A month ago, this column focused on the pork checkoff, a mandatory tax of $4.50 per $1,000 paid on sales by hog producers. The money filters through US Department of Agriculture and supports National Pork Producers Council (NPPC). According to the Campaign for Family Farms, the checkoff has paid $500 million to the Council. For NPPC, today's checkoff brings in a steady $54 million per year.
In October 2000, the checkoff was voted out of existence by family farmers 53% to 47%. Dan Glickman, secretary of agriculture at the time, announced that the checkoff would be cancelled.
But the Bush administration has renewed the pork checkoff.
That's right. Instead of following a clear directive from voters, Ann Veneman, the new USDA head, has negotiated a program restructuring National Pork Producers Council (NPPC). A restructuring. That was not the question.
And who, you may ask, gave NPPC authority to negotiate? Obviously, it wasn't the hog farmers who voted the checkoff down. That, it turns out, doesn't matter in the land of Veneman.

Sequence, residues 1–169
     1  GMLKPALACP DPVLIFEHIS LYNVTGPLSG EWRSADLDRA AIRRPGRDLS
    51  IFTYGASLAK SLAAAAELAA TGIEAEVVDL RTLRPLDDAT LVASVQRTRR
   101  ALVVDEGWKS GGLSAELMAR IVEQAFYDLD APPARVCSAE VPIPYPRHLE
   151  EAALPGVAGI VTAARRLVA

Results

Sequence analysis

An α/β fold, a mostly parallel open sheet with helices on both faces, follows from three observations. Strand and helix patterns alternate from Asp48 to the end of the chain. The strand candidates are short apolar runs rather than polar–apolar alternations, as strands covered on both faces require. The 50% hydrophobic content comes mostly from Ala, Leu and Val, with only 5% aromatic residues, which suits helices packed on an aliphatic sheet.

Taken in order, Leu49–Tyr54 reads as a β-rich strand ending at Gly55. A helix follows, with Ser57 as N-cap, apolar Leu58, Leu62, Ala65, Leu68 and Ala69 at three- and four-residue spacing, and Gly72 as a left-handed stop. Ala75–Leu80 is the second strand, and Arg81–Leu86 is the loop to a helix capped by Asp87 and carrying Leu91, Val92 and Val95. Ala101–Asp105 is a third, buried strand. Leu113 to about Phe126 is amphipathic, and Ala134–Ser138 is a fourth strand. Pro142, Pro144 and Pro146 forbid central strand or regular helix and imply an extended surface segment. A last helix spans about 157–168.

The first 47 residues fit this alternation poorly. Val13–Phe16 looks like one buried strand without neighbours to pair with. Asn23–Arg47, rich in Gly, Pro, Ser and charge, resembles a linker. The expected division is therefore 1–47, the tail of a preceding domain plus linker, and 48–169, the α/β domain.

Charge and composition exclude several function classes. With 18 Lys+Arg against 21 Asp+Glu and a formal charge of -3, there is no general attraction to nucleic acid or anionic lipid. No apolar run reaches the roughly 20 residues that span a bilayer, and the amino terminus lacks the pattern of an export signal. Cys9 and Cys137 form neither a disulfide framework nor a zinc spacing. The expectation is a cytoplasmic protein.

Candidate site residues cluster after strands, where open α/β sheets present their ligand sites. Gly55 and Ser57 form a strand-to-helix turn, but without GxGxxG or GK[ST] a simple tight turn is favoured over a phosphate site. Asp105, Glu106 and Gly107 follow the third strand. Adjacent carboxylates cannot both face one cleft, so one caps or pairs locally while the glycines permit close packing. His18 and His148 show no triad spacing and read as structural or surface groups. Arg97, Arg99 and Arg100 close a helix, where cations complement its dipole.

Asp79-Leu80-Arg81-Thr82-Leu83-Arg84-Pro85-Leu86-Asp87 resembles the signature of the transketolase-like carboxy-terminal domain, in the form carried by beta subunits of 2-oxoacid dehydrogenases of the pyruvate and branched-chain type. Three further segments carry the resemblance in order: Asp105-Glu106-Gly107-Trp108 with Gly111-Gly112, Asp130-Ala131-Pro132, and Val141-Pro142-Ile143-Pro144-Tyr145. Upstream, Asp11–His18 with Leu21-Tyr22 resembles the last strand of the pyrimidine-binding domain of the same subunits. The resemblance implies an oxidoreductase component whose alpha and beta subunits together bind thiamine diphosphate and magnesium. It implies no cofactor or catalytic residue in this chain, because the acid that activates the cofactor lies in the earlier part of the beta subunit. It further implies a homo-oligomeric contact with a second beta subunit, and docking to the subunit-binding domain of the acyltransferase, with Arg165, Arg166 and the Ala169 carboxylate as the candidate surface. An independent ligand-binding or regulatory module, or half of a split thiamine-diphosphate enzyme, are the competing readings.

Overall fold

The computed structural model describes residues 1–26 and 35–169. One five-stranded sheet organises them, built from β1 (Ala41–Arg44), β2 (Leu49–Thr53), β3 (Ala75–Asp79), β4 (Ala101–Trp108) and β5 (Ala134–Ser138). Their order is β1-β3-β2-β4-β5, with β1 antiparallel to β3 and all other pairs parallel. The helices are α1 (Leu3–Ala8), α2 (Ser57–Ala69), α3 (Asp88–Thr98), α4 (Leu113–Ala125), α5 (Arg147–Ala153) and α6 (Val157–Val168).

So, say it loud and say it proud: "Pork Barrel." USDA has turned its back on family farmers and crept into bed with Al "T'anks for the memories" Tank, Director and C.E.O. of NPPC.
If the NPPC-USDA had given it a thought, they could create a voluntary checkoff, depend on industry to fund it, and the industry would go on almost as usual. Because the pork on our tables come almost completely from industries like Cargill, Smithfield, Continental Grain and Seaboard. When checkoff began, there were more than 375,000 independent hog farmers in the USA. Today, there are about 70,000.
NPPC brags that a major success of the pork barrel pork checkoff has been the invention of "McRib" sandwiches. McRibs, a aggregate of chopped up secret ingredients is processed by factories and extruded into ribby-type shapes, drenched in barbecue sauce and served with three pickle slices on a bun.
The checkoff boys say that McRib gives hog farmers a way to compete for the fast-food bucks because hamburger frenzy, dating back to the first fast-food places, squeezed pork off American dinner plates. In truth, McRibs are the star in a crown of "mass-not-class" meat products so increasingly processed that they must be injected with flavors to be palatable.